One of the earliest cases that I ever saw was an old man, moving in pain and evidently very sore. It was at the house of Esther Lewis, my wife's mother. I took him into the house and helped him remove his clothing to his hips. His back from his neck to his thighs was gridironed with seams from a recent whipping with a raw-hide, the cruel instrument of torture cutting deep into the flesh with every blow. Pressure upon the back with the end of the finger almost anywhere would cause pus to flow in a stream. His back was also scarred all over with seams and protuberances, the results of former whippings at different dates, from which one could read the history of his life of suffering as plainly as we read the Earth's history by its convoluted strata, burnt out craters, and scars on mountains of upheaval. The offense for which this poor man had received this terrible whipping, was going to see his wife, who belonged to another master; he was detected in the crime, suspended by his wrists to an apple tree limb, his feet tied together, and the end of a rail placed between to keep his body steady, and then the fiendish raw-hide fell with brute force for a hundred times. This man secured his escape to freedom.

Sometimes the slaves would escape with iron fetters upon them placed there to keep them from running away, but these were generally removed by "friends by the way" before they reached Chester county. I once had in my possession a neck ornament taken from a fugitive, an iron band an inch wide, and more than a quarter of an inch thick, with three branches each nine inches long, turned up at the end. This trinket was riveted around the man's neck, and the prongs made it impossible for him to lie down except on a block of wood or other hard substance. Ankle ornaments, made of heavy iron bands, riveted around the legs, were a common device, and often had prongs or chains and balls attached. These were so heavy as to wear into the living flesh, and yet, thus equipped, men set off on their journey to the North Star of freedom.

While living in Philadelphia, we had one day a visit from a young lady of our acquaintance. She was not accounted an abolitionist, was the daughter of wealthy parents living in one of the most fashionable mansions on Arch street. Her mother had a visit from a Southern friend who entertained her hostess with an account of her misfortune in the loss of a favorite slave who had run away from this kind mistress. She dilated upon the slave's virtues, his great value and her great loss, but she was consoled that in this world is not evil, for she had just heard of his whereabouts in West Chester and expected to capture him in a few days. The exact place in West Chester and with whom he lived was detained and the time and plan of his recovery was stated by this confiding lady. The heart of the young girl was moved; she knew no one in West Chester but she new my wife and me-and that we were abolitionists and Chester County people. She went to her own room as soon as she could leave the parlor, wrote down the names of persons and places, and hastened to our house, her face aglow with excitement as she told her story. We did not know any of the persons named in West Chester, but we knew Simon Bernard who lived there then, and we knew he was true as tempered steel. A letter went to him by the next mail; all was found as described. The slave-catchers made their appearance the next day, but "the bird had flown;" it was off to freedom on the Underground Railroad and the disappointed Southern lady thought this was but a poor world after all!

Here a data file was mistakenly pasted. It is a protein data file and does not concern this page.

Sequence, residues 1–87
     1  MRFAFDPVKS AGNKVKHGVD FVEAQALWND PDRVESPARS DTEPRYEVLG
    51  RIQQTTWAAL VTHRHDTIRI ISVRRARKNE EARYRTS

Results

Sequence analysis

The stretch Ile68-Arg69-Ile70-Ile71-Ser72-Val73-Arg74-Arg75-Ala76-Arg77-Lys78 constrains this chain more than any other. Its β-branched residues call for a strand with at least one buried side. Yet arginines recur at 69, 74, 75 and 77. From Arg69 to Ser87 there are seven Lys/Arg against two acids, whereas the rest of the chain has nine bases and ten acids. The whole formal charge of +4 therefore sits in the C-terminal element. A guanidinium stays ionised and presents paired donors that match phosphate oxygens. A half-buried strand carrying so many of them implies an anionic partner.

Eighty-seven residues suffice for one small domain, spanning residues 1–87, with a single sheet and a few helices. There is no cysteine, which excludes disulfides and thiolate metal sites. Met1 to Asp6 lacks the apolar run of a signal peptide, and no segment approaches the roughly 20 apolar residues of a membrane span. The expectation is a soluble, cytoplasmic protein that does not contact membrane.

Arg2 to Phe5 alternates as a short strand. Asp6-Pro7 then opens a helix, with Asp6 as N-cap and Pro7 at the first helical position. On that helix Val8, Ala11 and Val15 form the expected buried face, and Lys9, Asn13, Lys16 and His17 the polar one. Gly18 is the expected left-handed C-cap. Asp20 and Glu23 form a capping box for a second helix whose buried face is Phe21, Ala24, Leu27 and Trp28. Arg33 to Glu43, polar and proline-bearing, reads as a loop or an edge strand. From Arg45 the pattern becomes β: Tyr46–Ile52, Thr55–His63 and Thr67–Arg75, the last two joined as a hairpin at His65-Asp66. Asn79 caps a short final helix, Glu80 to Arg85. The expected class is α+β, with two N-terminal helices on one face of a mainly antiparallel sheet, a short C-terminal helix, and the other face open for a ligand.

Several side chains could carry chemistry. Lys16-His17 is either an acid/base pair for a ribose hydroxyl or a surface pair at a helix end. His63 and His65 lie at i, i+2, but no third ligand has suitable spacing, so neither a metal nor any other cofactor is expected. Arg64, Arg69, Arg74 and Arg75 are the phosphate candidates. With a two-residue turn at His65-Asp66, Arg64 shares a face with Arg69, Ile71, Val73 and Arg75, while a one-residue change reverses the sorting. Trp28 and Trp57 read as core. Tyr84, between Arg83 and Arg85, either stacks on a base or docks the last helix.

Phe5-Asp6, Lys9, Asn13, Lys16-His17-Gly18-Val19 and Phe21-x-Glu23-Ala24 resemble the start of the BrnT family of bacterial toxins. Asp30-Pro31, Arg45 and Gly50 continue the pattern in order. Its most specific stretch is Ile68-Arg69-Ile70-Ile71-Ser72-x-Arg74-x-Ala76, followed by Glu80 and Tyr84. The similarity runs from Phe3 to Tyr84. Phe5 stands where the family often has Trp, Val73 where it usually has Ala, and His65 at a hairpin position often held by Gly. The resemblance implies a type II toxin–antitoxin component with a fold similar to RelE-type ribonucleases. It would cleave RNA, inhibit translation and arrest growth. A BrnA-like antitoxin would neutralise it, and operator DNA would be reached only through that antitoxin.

One noteworthy peculiarity of these fugitive parties was that the babies never cried. Was it that slave mothers had no time to attend to infantile wants and the children found it did not "pay" to cry, or did the timid mothers teach their little ones to tremble and be still in horrible fear as do the mother partridges impress their young with dread of the hawk as soon as they are out of the shell?

This is a large subject, and a thousandth part of its miseries and heart-breaks can never be written, but, thanks to the Father of the poor, the horror is dead, the bloodhound is no longer on the track, the Underground Railroad is no more.

Edwin Fussell.

1. The Journal, 3 Month 7, 1883, pp. 60, 61.